X Men: First Class

I wasn’t really fussed about seeing X Men: First class. I thought the first two in the series were decent but the third was disappointing and at times laughable. So you’ll forgive my reservations about buying into Hollywood’s green, recycling approach to cinema. Greenpeace might approve but I’m no tree-hugger. I honestly couldn’t envision a happy ending for this particular mid-week movie ritual which didn’t involve me surgically removing the film-loving genome from my DNA with a jagged hunk of stale popcorn, so that I could live without the torture of having to endure any more nauseous cinematic regurgitations. An image of me exiting the cinema wishing Hollywood would evolve into a better version of itself seemed all the more likely.
Imagine then my surprise when in the run up to the opening weekend of X Men: First Class – which did something in excess of US$56 million dollars, as expected – nearly all of my favourite review sites were only just shy of raving about it. Not a bad first impression for number five in a franchise which is bound to warrant a few more mutations before they run out of superhero powers to computer generate. One enthusiastic reviewer insisted “This film is to X Men 2 what Godfather 2 was to the Godfather. Seriously...” Can’t argue with that can I? Well, I could. Fan boys have a tendency to overstate. I should know. I’m one of them. Having said this, I felt pretty confident that if the fan boys liked it we might actually be onto something here.
When the lights came up at the end of film (just before that obligatory conversation with the person next to me, something along the lines of “well, what’d ya think?”, which is really just an excuse for me to share my own opinion) I could tell by the wife’s expression that X Men: First class was a real shot in the arm for the franchise and had evolved X Men into something entirely unexpected and impressive. It actually managed to be a film about intolerance and identity, as well having an impressive bounty of effects which can boast Magneto raising a U-Boat out of the ocean. Which looks every bit as cool as it sounds by the way. Rather than just another garden variety Marvel comic adaptation (a look-what-my-superhero-can-do-and-doesn’t-it-look-cool-in-3D-a-thon) this really is a first class X Men movie.
This was very nearly everything director Matthew Vaughn said it would be: a grown-up take on an overcooked ready-made movie formula, for those who like to call comic books “graphic novels”. “Here, I got my cake and ate it, managed to do an X-Men movie, and a Bond thing, and a [John] Frankenheimer political thriller at the same time”. Everyone’s a winner. It really did feel that way walking back to the bus stop afterwards... a film entertaining enough to watch more than once, with a relevant message that wasn’t preachy, delivered with just the right balance of character nuance and plot intrigue in a setting more at home in a Raymond Chandler novel, appropriately realised by a superlative cast. What’s not to like?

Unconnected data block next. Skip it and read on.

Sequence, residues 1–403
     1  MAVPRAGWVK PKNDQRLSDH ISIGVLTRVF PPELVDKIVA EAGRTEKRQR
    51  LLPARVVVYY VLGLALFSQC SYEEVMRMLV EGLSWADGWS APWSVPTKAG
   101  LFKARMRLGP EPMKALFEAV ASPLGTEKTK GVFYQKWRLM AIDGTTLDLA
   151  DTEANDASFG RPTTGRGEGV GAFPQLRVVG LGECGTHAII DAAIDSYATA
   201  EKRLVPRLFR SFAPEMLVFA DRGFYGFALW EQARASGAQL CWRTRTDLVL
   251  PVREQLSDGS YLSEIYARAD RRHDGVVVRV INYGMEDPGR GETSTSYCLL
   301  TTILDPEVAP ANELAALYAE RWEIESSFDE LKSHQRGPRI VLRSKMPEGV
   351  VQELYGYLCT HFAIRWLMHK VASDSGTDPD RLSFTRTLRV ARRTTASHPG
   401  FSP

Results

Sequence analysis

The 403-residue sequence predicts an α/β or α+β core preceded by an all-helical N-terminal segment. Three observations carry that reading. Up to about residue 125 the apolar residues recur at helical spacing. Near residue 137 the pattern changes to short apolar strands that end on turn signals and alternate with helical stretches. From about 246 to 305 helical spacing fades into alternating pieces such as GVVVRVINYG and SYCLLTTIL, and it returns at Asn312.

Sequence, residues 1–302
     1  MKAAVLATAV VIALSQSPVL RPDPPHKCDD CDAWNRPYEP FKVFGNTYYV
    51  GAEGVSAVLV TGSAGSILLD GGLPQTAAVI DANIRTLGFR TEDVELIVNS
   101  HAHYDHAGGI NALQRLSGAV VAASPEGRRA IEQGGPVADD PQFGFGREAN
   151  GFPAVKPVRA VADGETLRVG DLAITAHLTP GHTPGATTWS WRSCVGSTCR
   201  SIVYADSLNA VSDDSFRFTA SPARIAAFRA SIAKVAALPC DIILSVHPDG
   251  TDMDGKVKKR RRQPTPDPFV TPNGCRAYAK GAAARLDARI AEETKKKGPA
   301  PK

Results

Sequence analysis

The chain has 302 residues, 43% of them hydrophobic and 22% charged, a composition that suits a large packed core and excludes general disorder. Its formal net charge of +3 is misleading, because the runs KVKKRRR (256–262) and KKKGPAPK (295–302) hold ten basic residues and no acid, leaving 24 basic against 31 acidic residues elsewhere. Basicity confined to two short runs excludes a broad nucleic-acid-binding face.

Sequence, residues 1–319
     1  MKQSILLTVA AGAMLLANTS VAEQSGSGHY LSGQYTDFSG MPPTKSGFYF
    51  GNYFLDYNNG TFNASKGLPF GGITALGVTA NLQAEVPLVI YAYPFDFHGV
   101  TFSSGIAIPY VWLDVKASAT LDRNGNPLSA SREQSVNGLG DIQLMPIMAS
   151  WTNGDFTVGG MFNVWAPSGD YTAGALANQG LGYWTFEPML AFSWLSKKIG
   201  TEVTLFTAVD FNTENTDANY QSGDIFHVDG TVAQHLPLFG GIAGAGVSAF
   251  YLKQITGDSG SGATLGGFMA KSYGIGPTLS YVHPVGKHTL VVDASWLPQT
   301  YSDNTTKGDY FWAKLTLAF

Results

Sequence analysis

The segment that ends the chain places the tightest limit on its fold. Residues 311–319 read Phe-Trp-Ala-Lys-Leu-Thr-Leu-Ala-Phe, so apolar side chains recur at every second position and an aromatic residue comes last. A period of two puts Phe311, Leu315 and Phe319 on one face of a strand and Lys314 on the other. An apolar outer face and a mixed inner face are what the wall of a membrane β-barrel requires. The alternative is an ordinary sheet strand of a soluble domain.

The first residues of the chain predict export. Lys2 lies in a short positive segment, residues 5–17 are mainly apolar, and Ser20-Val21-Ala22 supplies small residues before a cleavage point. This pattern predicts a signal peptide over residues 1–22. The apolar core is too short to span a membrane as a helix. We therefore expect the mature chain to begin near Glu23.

It was funny too. I mean laugh-out-loud funny. On discussing the film with the guys at work the best compliment I could think of was to say that X Men: First Class doesn’t take itself too seriously, a tricky and all too common obstacle which the third film crashed headlong into. There are a few funny cameos and well-timed references which give the film a more developed sense of humour and lends the franchise some of the perspective its weaker counterparts had lost. This is a film with its big hairy mutated feet firmly on the ground.
Charles Xavier/Prof. X (James McAvoy) is all about overcoming division through understanding. Erik Lensherr/Magneto (Michael Fassbender) - who suffered greatly at the hands of the Nazis - is more about proving he’s a “better man” by dispatching foes with metal objects. In increasingly imaginative ways. So it’s a morality tale from an unlikely source but it’s also an exemplary addition to the action genre. Not bad for a superhero movie.     Imagine you could take someone you know pretty well and were able to beam back about 30 years into their past to witness first-hand the circumstances and events which helped to make them the person they are. Or the mutant they are, in this case. That’s basically what Vaughan has done here. What’s interesting about the whole “learning to accept difference and respect others” plot thread, is that in striving to be accepted as they are, the X Men discover that it’s all very well wanting others to accept you, but you have to accept yourself first. Just as you are.
Although the film has a positive message and the plot and character arcs have good moral implications, parents be warned. There are a couple of scenes in this new X Men movie which are decidely less than first class. The moral of this particular story might go something along the lines of: 'If you don't want little Jimmy asking, "Daddy, why has that lady got no clothes on?", you might want to leave the youngsters at home'. Ronan Wright blogs about films from Belfast at Filmplicity .


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